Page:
The Voice of the Land – An Artist’s Commentary
Sayantan Samanta is a visual artist from Hooghly, Kolkata. He completed his bachelors from Rabindra Bharati University, Kolkata (2015), and masters in Sculpture from Kala Bhavana, Visva-Bharati (2017). Samanta has been working on global agrarian issues. He is a MASH Young Artist awardee and is a recipient of the Hyundai Art for Hope 2023 Grant. Samanta is a KCC Visual Arts Fellow 22-23 and his works will be a part of a culminating showcase of the fellowship at KCC on 7th and 8th April 2023. Curator and researcher, Lina Vincent writes on Samanta’s work.
LAND as a physical entity and concept has formed a large part of Sayantan Samanta’s preoccupations for several years now. He has looked at it as the singular element that sustains crops, as a giver of food as well as spatial and material resources, and therefore as the target of human consumption and greed. Coming from a family with hereditary connections to agriculture, his relationship with the shifting structures of a struggling economy (being taken over by powerful industrial lobbies), evolved as a complex interaction with contemporary reality. This is organically reflected in his art making. To begin with, his sculptural work embodied very direct articulations of his angst, and grew subsequently to more refined and subtle commentaries on situations that he observed. His current series delves into a comparison of the human body with the functioning of a socio-ecological system; it is a quiet presentation of factual data even as it carries all the urgency of an activist voice.
As a race, humans leave residues of their interaction and conflict with the land, marking it with different aspects of ownership and control. This is regardless of whether they remain in one place, or migrate to new pastures. A part of this comes to us as the built world, the beautiful side of which stands as revered material culture, and the ugly side consists of many layers of urban and technological detritus. While there is a rhythm in urban mechanisms, life anywhere can be seen as a transaction, one that mostly cedes to the systems of capitalism and constantly shows up the dichotomies that exist between notions of development and the environment. Industry has usurped vast tracts of land across the sub-continent (and globe), justified by the need to sustain growing populations and maintain a quality of human life that goes further and further away from nature. At times, nothing is more visible than imbalanced social hierarchies and class distinctions that differentiate the way people benefit from the land. In a complex and paradoxical game, those who have been living in harmony with nature for generations are often ejected, and vested interests take over the available resources blatantly.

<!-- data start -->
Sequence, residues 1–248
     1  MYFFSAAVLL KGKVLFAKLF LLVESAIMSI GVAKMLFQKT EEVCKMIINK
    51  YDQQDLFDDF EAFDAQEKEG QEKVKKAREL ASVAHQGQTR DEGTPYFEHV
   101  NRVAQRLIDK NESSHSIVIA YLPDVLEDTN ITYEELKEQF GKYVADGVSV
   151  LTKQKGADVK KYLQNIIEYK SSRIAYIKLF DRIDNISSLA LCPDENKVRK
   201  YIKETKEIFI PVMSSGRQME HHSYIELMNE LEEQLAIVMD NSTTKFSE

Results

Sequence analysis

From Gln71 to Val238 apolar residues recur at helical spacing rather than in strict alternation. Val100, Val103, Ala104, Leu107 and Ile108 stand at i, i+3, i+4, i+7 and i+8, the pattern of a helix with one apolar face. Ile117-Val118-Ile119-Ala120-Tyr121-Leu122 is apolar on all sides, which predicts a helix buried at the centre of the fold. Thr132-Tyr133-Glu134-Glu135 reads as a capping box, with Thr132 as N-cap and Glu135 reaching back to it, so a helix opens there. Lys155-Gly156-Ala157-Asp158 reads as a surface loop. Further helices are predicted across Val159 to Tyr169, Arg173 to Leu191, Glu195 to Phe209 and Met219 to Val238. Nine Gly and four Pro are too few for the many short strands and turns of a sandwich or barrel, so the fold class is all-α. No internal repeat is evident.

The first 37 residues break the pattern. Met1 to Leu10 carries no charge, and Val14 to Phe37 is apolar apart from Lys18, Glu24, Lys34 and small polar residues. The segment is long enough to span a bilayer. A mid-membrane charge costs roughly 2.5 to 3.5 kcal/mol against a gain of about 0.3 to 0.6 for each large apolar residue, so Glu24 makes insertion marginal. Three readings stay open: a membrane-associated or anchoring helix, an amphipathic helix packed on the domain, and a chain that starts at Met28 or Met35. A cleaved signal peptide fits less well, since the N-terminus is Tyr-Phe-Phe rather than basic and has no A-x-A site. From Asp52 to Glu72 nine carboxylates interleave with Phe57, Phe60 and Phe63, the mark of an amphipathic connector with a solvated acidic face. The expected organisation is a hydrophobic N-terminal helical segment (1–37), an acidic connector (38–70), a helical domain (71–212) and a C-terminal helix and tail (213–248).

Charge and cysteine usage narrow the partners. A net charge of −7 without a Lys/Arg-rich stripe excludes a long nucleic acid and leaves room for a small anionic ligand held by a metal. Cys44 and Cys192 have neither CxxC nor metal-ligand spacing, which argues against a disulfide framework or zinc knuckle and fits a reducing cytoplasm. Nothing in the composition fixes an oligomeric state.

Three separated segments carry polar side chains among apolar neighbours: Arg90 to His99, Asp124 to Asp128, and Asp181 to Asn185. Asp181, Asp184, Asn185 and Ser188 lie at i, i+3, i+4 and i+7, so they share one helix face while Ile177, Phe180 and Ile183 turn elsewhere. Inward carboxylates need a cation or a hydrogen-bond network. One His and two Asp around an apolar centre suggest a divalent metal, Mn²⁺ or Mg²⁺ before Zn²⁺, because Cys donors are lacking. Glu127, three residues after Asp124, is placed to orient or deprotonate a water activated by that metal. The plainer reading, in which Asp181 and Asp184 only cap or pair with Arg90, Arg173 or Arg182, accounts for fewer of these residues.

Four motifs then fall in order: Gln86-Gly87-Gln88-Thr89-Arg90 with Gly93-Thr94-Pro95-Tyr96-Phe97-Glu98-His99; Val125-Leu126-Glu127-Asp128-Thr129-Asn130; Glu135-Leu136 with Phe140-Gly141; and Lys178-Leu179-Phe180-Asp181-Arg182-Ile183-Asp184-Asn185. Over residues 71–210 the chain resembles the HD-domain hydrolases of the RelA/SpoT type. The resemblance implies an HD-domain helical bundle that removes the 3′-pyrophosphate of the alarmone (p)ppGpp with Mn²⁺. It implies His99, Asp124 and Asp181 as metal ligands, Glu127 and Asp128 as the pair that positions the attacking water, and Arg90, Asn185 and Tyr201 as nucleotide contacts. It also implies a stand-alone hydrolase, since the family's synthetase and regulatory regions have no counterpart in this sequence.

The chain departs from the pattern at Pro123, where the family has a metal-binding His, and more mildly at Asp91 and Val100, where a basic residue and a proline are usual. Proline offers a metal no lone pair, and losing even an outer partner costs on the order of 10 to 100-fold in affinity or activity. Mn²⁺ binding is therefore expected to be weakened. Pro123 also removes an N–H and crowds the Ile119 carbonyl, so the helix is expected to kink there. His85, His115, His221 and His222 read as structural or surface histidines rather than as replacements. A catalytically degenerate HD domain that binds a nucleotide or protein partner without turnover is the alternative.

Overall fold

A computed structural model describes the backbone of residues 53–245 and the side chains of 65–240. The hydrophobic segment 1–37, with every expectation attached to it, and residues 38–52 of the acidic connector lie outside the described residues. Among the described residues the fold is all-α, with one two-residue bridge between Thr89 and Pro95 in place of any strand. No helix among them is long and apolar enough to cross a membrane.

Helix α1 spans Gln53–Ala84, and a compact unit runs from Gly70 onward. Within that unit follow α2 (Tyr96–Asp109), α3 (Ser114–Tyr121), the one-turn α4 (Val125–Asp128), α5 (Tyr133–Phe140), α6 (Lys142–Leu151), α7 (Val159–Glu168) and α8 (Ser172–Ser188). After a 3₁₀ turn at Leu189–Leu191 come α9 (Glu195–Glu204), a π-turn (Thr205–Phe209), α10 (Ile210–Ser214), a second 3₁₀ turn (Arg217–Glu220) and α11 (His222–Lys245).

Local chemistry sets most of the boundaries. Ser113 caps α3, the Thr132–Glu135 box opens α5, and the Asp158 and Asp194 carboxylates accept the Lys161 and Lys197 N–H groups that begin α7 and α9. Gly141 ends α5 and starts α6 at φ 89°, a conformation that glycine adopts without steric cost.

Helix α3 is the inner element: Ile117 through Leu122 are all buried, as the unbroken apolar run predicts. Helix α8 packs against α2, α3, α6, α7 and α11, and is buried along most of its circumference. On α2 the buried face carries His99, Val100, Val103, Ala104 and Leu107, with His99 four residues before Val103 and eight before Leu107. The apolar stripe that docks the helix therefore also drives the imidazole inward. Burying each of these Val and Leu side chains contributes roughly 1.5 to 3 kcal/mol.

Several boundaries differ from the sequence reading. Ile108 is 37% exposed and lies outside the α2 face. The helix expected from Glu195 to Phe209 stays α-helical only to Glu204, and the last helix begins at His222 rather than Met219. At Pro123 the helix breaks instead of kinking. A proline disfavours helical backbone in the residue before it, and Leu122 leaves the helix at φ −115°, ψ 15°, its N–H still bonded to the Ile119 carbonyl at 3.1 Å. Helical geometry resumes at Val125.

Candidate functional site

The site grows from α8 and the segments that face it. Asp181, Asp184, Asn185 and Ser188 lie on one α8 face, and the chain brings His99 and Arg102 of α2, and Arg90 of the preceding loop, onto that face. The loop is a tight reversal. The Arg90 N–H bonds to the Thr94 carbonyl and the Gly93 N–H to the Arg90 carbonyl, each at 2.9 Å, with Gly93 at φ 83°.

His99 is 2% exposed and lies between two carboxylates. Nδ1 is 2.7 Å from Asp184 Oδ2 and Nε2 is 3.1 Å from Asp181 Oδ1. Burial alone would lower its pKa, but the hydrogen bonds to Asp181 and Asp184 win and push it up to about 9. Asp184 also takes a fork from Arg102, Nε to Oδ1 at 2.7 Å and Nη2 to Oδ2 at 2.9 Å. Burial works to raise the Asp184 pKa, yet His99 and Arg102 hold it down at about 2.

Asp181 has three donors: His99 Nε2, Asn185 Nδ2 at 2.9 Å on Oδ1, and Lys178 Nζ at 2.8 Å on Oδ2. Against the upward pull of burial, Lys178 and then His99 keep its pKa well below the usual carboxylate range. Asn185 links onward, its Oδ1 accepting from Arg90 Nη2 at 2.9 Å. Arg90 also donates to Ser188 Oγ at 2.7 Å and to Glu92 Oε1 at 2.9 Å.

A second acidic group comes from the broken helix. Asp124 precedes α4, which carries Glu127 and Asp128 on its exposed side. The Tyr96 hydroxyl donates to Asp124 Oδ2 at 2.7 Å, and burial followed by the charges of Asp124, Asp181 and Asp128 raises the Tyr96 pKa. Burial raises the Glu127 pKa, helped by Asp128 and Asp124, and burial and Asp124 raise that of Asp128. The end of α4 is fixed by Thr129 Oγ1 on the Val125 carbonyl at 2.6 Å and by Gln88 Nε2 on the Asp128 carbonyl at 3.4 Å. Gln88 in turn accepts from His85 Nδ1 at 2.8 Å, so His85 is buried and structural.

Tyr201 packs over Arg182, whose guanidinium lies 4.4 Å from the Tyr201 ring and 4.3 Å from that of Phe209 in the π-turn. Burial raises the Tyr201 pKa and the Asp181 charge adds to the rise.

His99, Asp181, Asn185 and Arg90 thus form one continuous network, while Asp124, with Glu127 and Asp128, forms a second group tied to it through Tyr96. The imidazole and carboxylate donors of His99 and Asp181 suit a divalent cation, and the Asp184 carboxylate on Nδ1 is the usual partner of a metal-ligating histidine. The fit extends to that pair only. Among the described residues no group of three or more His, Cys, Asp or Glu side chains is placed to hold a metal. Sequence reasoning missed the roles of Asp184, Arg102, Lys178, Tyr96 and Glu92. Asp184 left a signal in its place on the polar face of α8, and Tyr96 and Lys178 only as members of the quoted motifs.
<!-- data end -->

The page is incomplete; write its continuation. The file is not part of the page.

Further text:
Playing with the notion of polarities, Samanta, in his work ‘I Sugar you Bone to Bone’, creates an aesthetically pleasing form that resembles a puzzle with sections neatly fitted together. Closer viewing reveals it has several sides to it, literally and metaphorically. The work represents a conglomeration of ideas and issues that connect to food and food security, in its many extremes. The interlinked plates also resemble the pattern of human bones, symbolising both strength and fragility. The artist’s engagement with the human form is central to the series, and the evocation of the body as a tool or functional machine is something that he draws parallels with. Muscular arms and legs turn into hoes, rakes and sickles in ‘Sinews of Civilisation’, tackling the idea of labour and the connection of bodies with soil, but also introducing the perspective of the android form.